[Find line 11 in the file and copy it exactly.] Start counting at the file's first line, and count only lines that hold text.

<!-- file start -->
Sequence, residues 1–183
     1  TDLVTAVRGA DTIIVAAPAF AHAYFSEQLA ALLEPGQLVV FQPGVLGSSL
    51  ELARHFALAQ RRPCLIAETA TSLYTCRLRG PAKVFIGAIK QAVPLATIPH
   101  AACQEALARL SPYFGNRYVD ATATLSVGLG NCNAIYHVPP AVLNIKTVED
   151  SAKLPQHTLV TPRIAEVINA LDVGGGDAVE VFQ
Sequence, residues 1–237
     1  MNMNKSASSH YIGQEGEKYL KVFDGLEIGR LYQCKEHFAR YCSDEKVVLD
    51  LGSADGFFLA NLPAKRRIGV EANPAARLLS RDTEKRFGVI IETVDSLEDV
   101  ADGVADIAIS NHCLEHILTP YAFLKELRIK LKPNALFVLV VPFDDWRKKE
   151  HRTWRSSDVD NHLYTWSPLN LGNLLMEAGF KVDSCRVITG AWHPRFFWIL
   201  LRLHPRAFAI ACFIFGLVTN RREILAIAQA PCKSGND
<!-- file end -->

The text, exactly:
   201  LRLHPRAFAI ACFIFGLVTN RREILAIAQA PCKSGND